I did four books like that with Knopf. Knopf published the hardback and Oxford published the paperback. Knopf published without any peer review. The lesson for me was learned very early. Peer review would have blocked the publication of my book.
Suzan Mazur: You’ ve said "[I]t is perhaps time for the Left once again to put science in perspective." That the Left criticizing the informed critics of science as participating in "anti-science" is a sign that the Left really needs to "return to the revolution". Would you comment further?
David Noble: What I mean there is, and this is what I outline in that article, the Left grows out of a critique of religion in the beginning of the 19th and end of the 18th century. And science was the substitute. They substituted science for religion.
Suzan Mazur: You also say those roots are intertwined with mysogynism.
David Noble: Ok. That’s another issue. Let’s keep it simple. The point here is that science became like God. But since WWII, in part because of Hiroshima and other events, other products of science, critique of science became a very serious matter. And the Left was very much involved in looking anew at looking at science as political. And scientists as human beings and as people with interests, etc. So they de-mythologized science.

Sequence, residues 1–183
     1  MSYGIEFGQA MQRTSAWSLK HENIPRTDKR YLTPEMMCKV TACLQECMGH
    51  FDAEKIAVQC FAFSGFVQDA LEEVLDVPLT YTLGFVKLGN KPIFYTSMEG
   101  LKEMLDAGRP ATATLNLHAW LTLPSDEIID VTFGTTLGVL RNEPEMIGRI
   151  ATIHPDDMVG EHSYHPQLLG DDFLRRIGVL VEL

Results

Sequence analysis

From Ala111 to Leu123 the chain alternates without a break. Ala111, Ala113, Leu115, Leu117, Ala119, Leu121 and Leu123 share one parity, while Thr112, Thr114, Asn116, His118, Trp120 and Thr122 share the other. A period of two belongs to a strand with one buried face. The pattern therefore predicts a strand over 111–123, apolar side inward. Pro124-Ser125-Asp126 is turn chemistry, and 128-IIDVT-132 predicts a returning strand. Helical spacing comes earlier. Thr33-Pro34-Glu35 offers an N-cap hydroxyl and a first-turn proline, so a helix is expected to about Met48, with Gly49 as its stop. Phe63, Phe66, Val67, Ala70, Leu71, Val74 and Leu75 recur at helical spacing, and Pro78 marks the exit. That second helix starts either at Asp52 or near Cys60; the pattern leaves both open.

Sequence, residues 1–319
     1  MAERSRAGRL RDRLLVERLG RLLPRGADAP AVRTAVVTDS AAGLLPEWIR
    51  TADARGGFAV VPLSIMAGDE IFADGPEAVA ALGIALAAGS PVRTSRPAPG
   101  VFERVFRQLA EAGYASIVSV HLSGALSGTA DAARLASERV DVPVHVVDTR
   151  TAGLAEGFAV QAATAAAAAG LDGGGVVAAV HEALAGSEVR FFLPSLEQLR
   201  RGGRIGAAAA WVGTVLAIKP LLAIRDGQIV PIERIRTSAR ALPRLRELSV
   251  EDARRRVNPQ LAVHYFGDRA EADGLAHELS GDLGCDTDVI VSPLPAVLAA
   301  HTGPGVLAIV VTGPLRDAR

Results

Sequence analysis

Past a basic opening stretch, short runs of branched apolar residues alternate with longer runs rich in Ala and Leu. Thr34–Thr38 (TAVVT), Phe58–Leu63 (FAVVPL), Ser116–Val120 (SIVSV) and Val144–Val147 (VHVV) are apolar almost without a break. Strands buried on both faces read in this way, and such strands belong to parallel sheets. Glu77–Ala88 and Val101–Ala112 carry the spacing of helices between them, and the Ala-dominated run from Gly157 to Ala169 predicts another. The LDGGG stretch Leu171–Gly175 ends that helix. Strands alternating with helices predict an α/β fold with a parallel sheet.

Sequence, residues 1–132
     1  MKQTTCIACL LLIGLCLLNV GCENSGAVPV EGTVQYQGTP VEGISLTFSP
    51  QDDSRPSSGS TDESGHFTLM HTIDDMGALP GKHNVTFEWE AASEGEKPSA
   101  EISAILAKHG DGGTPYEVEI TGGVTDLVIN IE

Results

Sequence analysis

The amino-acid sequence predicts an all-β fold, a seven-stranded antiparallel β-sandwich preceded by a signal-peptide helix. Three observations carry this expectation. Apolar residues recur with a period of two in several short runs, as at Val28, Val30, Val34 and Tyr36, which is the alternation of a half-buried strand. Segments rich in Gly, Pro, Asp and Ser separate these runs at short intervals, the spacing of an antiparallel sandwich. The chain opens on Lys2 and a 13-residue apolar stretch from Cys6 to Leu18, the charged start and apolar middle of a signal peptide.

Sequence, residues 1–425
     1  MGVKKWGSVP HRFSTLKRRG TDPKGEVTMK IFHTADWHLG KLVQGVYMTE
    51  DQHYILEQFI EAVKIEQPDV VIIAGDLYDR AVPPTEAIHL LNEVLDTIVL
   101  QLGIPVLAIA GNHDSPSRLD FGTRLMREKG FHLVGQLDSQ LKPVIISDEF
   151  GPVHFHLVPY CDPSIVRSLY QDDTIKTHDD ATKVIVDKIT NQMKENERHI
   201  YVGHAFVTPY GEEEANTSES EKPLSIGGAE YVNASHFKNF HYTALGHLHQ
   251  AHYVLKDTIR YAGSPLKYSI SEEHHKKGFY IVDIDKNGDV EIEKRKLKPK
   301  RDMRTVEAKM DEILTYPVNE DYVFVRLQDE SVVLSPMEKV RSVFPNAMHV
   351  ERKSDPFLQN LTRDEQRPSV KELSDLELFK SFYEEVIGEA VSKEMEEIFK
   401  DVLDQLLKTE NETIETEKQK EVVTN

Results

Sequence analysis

It went by many different names. Social construction of science, whatever. For decades people were, and still in some quarters are, looking very critically at this whole enterprise. And then along comes this global warming campaign. And you have these people like George Monbiot and others acting as if there had never been any critical examination of science.
Al Gore – his whole theme is propaganda. A consensus of scientists. Well, when you have a consensus of scientists, that should set off alarms. That scientists shouldn’t be consensual. There should be all sorts of controversy in science.
Suzan Mazur: You’ve also got scientists in evolutionary biology who pound on the creationists because they don’t have fresh discoveries themselves. What they’re doing is making an industry out of bashing the creationists – instead of improving the science. That’s what’s happening on the science blogs, where you get these virtual death squads opposing any science that veers from Darwin orthodoxy. Characters purporting to be atheist scientists who are actually violent Darwin religious cultists censoring the free flow of ideas. Making statements like, "I'm always happy to see a fellow hang himself"
That’s the peer review that’s now popular. It’s degenerated into a bloody massacre.
David Noble: Tribalism is rampant. The idea that people still hold is that science is this community of inquirers and that they review one another’s work has never been true. It’s always been mythical. . . .